“Voting is at the heart of democracy.” I’ve heard this mantra repeated so many times that, at some point, I became numb to its meaning. Why did voting matter anyway? One vote — my vote — was unlikely to change the result of an election. For a long time, I believed in this line of reasoning; I thought voting was overrated — a waste of time and effort. Looking back now, I wish I hadn’t been so naive. It took the fall of a city for me to learn the significance of voting. That city was the one I was born in, the one I spent my childhood in and the one I loved: Hong Kong.
To understand how Hong Kong fits into the larger conversation around voting, we will first have to go back in time. In 2019, the city came under the spotlight when its residents protested against China’s oppressive legislation: an extradition bill that threatened the city’s sovereignty and democracy. The extradition bill would let Hong Kong extradite people wanted in countries with which they have no formal extradition agreement. The concern with this is that residents believe the law would allow “virtually anyone” to be picked up, detained and sent to China to be prosecuted. Many people my age, peers I grew up with in Hong Kong, protested on the streets because they wanted to be heard; they demanded change. For a while, everything looked hopeful. After all, the protesters were loud enough that the world paid attention.
But, that hope was short-lived. It was quickly swallowed by China’s national security law, which took away residents’ freedom of speech by the end of 2020. Since then, the city has gone silent. Now, when I look at the news, Hong Kong is nowhere to be found. It’s as if the protests never even happened. In a blink of an eye, I watched a democratic effort disappear.
The silence that ensued after Hong Kong’s democracy fell was the worst part. I never knew silence could hurt so much. You see, I normally relish in quietness. As a shy and introverted person, silence gives me space to breathe, to take a break and to recharge before I socialize again. But the silence in Hong Kong is cruel. It’s the kind that results from being forced to hold your breath. It’s the kind that if you defy, you face the possibility of arrest and prison.
What power did I have that would allow my voice to be heard? It was my power to vote, and I wasn’t the only one who recognized the power of voting. Politicians had always known. In fact, this same pattern emerges as I looked through the history of voting in the United States.
Voices through voting, especially those of marginalized communities, have been consistently suppressed or silenced. For example, African Americans didn’t get the right to vote until after the Civil War. Women didn’t get to vote until 1920, and many Indigenous peoples didn’t get to vote until the 1960s. Even now, disenfranchisement policies, such as those put on citizens with a felony conviction, often disproportionately affect BIPOC voices. In fact, nationally, 6.2% of African Americans are disenfranchised due to having a felony conviction.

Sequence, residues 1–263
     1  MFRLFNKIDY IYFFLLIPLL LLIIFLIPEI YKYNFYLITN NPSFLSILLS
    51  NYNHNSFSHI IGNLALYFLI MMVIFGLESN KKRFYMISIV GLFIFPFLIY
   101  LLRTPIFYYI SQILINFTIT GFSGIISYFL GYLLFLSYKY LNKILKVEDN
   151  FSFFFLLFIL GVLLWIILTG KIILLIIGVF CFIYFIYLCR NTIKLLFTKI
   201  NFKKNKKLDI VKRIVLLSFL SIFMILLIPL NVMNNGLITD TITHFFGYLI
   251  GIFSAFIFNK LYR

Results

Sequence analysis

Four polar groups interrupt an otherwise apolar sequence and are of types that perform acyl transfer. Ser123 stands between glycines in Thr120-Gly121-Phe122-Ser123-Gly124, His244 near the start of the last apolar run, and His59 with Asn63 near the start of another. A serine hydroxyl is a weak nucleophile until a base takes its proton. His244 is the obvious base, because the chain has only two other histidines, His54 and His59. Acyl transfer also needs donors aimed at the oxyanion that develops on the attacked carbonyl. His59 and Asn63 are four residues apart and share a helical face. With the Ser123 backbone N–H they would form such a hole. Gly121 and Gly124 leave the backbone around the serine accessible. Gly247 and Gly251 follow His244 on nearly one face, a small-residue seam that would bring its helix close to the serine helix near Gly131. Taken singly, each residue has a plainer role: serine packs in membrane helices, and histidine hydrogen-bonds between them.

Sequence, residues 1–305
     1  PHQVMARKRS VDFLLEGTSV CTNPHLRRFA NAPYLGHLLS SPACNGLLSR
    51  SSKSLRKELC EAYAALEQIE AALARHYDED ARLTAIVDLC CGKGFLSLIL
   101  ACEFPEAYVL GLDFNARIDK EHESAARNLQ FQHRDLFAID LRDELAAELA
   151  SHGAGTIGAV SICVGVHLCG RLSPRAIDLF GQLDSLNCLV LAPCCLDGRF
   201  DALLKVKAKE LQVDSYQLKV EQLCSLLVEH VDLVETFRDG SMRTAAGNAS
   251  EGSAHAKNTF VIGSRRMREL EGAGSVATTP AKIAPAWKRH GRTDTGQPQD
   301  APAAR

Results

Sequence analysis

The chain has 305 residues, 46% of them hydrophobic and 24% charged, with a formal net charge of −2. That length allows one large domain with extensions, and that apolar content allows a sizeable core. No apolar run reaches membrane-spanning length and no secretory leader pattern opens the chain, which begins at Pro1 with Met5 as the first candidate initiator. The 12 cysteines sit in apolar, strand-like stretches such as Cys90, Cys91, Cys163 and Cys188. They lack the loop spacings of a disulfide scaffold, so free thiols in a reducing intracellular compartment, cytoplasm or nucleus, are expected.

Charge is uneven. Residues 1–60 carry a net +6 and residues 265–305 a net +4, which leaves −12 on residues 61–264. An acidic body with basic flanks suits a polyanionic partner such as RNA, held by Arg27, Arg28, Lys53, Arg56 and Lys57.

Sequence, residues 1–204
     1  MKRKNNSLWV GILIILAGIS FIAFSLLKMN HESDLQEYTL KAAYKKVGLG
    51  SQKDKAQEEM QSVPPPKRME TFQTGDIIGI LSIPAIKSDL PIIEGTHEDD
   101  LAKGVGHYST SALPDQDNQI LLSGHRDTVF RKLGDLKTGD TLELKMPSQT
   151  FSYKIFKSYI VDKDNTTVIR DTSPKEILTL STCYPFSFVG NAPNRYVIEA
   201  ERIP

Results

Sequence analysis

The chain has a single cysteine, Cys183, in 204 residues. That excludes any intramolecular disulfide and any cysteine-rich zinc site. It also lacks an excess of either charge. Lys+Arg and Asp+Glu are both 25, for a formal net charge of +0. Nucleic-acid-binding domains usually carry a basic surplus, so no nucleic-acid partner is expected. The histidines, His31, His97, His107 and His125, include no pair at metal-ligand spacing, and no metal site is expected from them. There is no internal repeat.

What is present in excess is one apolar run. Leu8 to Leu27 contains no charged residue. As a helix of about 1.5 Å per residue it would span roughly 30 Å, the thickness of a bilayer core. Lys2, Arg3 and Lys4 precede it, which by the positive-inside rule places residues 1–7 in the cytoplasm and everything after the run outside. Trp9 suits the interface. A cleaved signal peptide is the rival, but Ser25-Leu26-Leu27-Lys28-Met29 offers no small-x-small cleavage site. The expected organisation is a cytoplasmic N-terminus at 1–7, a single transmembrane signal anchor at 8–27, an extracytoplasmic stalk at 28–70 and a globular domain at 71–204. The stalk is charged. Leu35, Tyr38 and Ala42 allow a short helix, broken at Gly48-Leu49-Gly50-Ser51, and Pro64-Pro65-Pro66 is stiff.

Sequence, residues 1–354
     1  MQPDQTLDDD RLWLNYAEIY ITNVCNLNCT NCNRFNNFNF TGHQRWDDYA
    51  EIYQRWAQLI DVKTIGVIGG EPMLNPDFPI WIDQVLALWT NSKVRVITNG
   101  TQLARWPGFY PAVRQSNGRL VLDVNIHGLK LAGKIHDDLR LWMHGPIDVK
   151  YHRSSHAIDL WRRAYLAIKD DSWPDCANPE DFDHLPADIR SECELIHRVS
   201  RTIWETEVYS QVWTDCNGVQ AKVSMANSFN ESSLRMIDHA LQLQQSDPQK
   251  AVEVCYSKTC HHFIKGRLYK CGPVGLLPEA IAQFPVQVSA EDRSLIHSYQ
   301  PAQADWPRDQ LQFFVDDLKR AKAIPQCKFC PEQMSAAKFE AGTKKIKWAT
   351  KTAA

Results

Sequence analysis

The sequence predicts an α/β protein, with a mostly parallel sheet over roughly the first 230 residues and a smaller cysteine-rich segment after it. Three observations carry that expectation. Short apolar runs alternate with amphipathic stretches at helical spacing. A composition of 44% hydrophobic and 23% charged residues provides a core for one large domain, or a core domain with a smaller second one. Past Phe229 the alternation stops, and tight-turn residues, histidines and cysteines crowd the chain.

Though not to the same extent, I realized that voices halfway around the world weren’t the only ones being silenced. It’s happening in the U.S., too. Watching Hong Kong’s democracy collapse, I now know how integral voting is to democracy. This is why I will vote in the upcoming midterm elections in my state, Michigan.
It’s especially important to vote in this election because Michigan voters will have the power to codify reproductive rights. Ann Arbor voters will also have the power to approve a tax that could help fight climate change. Beyond ballot proposals, U.S. representatives in Congress, the governor of Michigan, the Secretary of State and other key positions are up for election, making voting as vital as ever.
In Michigan, you can register to vote online or in person on Election Day, Nov. 8, 2022. If you are, like me, a student at the University of Michigan, you can go to UMMA or the Duderstadt Gallery for voter registration. If you prefer to vote by mail, know that all registered Michigan voters are eligible to request an absentee ballot.
Although there are coalitions to expand voting rights to green card holders and others authorized to work in the U.S., as a general rule, only naturalized citizens can vote in the U.S. That said, there are other ways to help the voting process. One way is to become a poll worker. As the name suggests, poll workers work at polls to prevent voter suppression and ensure election procedures are followed. Another way to help is social media monitoring, which you can participate in remotely. The main goal is to report questionable election content on social media and spread credible information.
If I could go back in time, I would ensure I voted at every opportunity. Voting, after all, is at the heart of democracy. It is essential to make your voice heard. In Hong Kong, protests were the avenue for the people, but here we all can use our voice by voting. Without exercising this right, democracy could collapse in a blink of an eye. By voting, you send a message: your voice will not be silenced and you stand with all those who are oppressed.
Tian Yeung is a Master’s of Social Work student in the School of Social Work.